Wednesday, May 28, 2008

Busch Stadium -- It Was Built!



(Since many people leave based on their first impression, the title of this post was changed from the original tongue in cheek version, "Busch Stadium Should Have Not Been Built")

No, not the new Busch Stadium, it should have been built...we're referring to Busch II, the first downtown stadium opened in 1966, about the same time as the Arch.

Busch Stadium should not have been built because it replaced a thriving Chinatown in downtown St. Louis referred to as "Hop Alley". People don't often think of St. Louis as a destination for Asian immigrants, but it did at one time have it's own Chinatown.

Hop Alley was tiny compared to the Chinatowns of New York and San Francisco. I wasn't around at the time, but from what I've read, it was real, and it was located at the site of the former Busch Stadium. When the stadium was built, a number of former uses were removed, to make way for the new ballpark.

Had Busch Stadium remained in North City at Grand and Dodier, Hop Alley in downtown St. Louis would have been preserved, and St. Louis today would be more urban and ethnically diverse. True fact? Maybe so? We really don't know and we can't say. That's not our history, so basing arguments on the premise really can't be proven either way.

As much as St. Louisans loath change, our history is one of steady changes. Today, we have a thriving Asian district along Olive Boulevard. It's much larger than the old Hop Alley, running nearly from the city limits on the east to west of 170 in Creve Coeur and Olivette.

Busch II, our first downtown baseball stadium, was part of a wave of downtown redevelopment which included the Arch and many of the office towers downtown. From an academic perspective, one might ask, what would have happened if instead of downtown, the Cardinals chose to move to the western suburbs? That didn't happen either, but it's fun to think of the possibile outcomes. Some might suggest the Cardinals leaving St. Louis proper would have been good for the city.

They might argue that city leaders would then have been forced to consider a future without major league sports. Older buildings would have been preserved, so there would have been more rehab opportunities. Remember though, this was the 1960s, and historic preservation had not reached the economic leveraging potential we see today. So perhaps, the buildings demolished for Busch Stadium and other new construction would have been lost anyway. We don't know.

Instead, we are what we are today. We continue to evolve and change. Our community has certain tools and values guiding our efforts, and we have different issues and challenges now than we had in 1966.

Will Anheuser Busch remain a St. Louis based company? Will the Arch grounds and downtown be better connected? Will the Rams remain in downtown St. Louis or the region at all? What will come of the St. Louis Centre Skybridge over Washington Avenue?

6 comments:

UrbanReviewSTL said...

OMG, I agree with you! But hey that was St Louis looking to other cities for ideas --- all were destroying their downtowns and relocating things like stadiums in the new versions.

St Louis actually bucked the trend in the same period by renovating an old theatre on Grand for the symphony.

Rick Bonasch said...

Sorry Steve,

The headline must have worked because it was intended to work as a misdirection. Personally, I'm very happy Busch II was built, and Busch III.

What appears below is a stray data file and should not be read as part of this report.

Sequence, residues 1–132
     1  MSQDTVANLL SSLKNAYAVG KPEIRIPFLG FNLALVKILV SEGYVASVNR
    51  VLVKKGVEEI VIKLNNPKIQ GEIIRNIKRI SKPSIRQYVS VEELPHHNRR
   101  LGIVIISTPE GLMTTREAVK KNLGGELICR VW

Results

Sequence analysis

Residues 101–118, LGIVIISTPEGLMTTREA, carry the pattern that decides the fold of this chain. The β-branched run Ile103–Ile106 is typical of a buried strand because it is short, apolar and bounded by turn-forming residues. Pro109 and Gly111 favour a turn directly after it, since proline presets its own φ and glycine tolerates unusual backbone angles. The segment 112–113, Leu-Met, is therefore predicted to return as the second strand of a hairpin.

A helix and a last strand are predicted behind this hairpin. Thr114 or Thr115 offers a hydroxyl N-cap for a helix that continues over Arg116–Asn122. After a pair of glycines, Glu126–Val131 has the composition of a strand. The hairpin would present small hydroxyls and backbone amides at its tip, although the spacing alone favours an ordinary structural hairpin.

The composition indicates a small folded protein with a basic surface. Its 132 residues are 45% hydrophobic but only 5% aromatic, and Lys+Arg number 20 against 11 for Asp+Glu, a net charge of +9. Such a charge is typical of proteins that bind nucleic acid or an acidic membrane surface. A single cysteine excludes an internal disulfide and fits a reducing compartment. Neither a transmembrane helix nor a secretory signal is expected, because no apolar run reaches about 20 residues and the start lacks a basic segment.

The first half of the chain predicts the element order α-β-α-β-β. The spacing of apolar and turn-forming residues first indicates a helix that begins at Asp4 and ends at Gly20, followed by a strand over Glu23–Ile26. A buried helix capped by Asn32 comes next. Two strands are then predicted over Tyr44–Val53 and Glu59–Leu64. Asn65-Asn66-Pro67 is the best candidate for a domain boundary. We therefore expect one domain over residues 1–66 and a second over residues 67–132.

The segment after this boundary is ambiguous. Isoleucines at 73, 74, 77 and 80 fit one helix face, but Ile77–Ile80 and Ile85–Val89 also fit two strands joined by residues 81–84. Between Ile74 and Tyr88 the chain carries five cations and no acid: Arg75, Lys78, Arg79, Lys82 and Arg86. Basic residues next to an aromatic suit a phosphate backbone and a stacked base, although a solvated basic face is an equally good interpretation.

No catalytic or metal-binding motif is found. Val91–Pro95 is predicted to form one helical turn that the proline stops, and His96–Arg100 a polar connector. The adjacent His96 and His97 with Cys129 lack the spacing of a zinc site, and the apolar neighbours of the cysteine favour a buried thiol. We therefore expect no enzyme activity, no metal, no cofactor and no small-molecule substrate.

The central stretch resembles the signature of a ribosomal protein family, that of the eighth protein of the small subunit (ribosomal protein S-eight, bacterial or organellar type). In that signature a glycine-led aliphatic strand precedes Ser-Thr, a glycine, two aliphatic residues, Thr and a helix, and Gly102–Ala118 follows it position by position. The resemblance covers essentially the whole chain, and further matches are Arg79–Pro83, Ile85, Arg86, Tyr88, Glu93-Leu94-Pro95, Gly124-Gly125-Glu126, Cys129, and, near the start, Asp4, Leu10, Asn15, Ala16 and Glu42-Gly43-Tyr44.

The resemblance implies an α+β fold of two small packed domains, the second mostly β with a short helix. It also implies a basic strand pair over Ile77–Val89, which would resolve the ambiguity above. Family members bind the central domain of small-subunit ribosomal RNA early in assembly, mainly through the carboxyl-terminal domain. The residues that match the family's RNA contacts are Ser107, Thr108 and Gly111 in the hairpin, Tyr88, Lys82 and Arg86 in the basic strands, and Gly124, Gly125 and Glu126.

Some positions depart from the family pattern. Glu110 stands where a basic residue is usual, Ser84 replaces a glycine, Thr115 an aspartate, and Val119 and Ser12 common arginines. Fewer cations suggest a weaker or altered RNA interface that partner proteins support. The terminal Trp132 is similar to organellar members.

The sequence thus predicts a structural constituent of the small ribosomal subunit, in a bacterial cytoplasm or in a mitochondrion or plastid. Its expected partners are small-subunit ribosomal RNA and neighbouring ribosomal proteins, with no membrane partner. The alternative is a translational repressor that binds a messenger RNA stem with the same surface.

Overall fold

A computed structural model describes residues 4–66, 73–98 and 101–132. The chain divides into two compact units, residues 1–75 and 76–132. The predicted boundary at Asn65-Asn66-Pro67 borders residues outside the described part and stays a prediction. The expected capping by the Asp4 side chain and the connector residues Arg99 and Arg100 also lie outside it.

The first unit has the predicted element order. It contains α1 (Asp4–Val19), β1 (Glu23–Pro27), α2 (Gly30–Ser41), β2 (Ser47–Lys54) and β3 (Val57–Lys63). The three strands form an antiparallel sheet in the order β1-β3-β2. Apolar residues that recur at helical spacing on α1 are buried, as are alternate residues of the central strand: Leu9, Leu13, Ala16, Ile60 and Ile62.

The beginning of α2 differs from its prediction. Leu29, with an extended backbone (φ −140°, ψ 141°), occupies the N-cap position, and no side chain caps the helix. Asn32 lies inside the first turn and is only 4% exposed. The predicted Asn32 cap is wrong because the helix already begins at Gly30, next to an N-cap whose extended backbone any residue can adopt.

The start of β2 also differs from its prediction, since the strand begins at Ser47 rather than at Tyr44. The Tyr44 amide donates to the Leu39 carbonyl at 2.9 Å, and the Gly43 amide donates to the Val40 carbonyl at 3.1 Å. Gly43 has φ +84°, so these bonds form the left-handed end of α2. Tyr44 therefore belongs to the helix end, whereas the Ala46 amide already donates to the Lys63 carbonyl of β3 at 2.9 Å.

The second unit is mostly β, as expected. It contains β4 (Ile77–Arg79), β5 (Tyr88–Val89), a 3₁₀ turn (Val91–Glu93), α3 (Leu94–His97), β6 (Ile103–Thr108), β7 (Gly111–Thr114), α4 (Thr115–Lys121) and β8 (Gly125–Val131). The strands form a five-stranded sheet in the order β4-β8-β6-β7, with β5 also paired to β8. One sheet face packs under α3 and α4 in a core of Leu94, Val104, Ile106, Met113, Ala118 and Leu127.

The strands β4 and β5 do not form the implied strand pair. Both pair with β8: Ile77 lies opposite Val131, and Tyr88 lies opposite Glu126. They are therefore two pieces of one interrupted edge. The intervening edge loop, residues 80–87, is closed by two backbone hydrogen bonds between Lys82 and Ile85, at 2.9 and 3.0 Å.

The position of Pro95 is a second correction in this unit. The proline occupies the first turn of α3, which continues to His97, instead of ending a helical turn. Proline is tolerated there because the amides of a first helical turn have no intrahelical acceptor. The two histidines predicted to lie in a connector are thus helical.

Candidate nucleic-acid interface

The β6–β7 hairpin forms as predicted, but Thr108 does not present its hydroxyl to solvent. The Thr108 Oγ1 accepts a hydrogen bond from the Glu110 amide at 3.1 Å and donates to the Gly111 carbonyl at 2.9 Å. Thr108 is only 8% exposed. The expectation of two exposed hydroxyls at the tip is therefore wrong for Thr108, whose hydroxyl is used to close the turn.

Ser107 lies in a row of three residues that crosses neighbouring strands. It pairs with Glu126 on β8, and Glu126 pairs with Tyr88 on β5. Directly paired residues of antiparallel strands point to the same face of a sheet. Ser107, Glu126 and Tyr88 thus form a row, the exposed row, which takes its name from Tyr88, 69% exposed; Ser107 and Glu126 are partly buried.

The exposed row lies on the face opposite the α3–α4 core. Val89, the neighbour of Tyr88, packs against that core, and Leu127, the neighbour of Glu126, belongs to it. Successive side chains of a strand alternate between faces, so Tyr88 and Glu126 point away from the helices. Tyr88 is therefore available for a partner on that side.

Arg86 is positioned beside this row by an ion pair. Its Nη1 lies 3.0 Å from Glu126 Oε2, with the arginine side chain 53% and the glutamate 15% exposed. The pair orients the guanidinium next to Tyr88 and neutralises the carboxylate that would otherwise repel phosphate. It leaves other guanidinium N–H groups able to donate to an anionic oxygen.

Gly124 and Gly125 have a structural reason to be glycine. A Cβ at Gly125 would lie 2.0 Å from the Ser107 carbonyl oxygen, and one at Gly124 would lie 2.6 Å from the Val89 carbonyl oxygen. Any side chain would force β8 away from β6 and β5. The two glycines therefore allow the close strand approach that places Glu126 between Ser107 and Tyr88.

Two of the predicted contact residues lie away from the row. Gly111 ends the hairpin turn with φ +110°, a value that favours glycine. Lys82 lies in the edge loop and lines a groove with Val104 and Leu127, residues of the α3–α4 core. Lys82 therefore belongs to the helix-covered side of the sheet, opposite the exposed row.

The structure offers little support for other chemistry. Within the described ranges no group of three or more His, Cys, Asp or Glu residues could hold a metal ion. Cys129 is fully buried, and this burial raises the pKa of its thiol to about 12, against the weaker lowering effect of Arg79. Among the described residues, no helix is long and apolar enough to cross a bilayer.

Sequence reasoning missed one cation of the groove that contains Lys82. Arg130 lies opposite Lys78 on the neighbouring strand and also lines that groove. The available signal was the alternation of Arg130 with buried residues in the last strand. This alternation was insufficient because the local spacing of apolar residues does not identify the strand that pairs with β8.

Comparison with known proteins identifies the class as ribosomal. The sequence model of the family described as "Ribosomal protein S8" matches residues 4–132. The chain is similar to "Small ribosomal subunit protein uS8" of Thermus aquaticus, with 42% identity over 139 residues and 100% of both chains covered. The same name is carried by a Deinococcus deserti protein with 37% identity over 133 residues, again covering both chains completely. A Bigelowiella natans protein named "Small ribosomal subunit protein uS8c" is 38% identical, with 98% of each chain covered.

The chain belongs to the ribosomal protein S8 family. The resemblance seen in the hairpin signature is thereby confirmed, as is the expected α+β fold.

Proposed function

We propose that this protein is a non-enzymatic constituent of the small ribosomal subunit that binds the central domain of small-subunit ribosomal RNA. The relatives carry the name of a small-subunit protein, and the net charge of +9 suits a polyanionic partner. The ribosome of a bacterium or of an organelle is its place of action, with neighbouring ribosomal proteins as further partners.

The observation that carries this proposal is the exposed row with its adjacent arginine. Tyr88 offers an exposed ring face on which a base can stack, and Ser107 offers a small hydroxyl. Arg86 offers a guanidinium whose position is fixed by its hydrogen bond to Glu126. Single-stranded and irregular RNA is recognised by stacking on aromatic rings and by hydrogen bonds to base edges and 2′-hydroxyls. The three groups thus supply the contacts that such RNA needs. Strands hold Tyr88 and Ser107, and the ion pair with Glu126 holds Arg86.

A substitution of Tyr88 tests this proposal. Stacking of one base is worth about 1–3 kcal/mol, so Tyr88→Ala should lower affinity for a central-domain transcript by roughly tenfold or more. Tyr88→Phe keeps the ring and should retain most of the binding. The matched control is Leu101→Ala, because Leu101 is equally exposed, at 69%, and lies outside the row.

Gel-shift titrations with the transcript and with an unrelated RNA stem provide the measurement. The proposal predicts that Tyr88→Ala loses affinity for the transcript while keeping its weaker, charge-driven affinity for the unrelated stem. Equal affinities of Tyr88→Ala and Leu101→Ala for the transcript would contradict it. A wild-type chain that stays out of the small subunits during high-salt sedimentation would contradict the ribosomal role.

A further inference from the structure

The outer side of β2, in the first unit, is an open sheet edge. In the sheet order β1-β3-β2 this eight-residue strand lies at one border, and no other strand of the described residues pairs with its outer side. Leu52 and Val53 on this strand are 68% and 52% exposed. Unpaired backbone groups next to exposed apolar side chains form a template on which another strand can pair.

Last night, I didn't have tickets to the ballgame, but stopped into one of the downtown restaurants (newly updated) for a beer after work. The place was packed with baseball fans.

The real point I was trying to make with the post was that as a community we need to move forward together rather than beat ourselves up over years' old decisions.

Imagine if you were sitting at a table in the restaurant I was in last night, surrounded by baseball fans, and someone proclaimed, "they never should have built Busch Stadium downtown." It would sound like crazy talk.

Think how the self-doubt discussions about St. Louis sound to newcomers. Not very good.

Chris said...

Neighborhoods definitely come and go; San Francisco's Chinatown was originally Italian, if I remember correctly.

In my experience, small Chinatowns tend to wither and die on their own. --witness Washington, DC's.

What would have come of Hop Alley? Who knows.

Rick Bonasch said...

Righto Chris. Some of my favorite old Chinese establishments are in the Gold Rush towns of Northern California.

Many of them are still open today. Travel along Highway 49 in the Sierra foothills, and you pass through many towns from the 1850s. Places like Angels Camp, Calaveras, Sonora, and Auburn.

In all of them there are ususally two or three, sometimes more, historic Chinese businesses.

The Chinese opening businesses were smart. They were some of the only ones to actually survive the Gold Rush!

UrbanReviewSTL said...

Yeah we might have an interesting neighborhood there now rather than a mudhole surrounded by parking garages. Plus another part of town might have benefited from several decades of baseball fans. Had Busch stayed on North Grand that area would not have seen the disinvestment that it has. Razing so much of downtown in the 1960s was a very bad decision that we are just now starting to recover from. We must learn from past mistakes so we don't repeat them.

Anonymous said...

No, had the Cardinals written off the city like so many other citizens, we'd have a hole downtown alright, a whole lot of nothing!

As easy as it is to make the case that the Cardinals should have stayed in North St. Louis, the same case can be made that the team's move downtown was a signal to corporate St. Louis that downtown St. Louis mattered!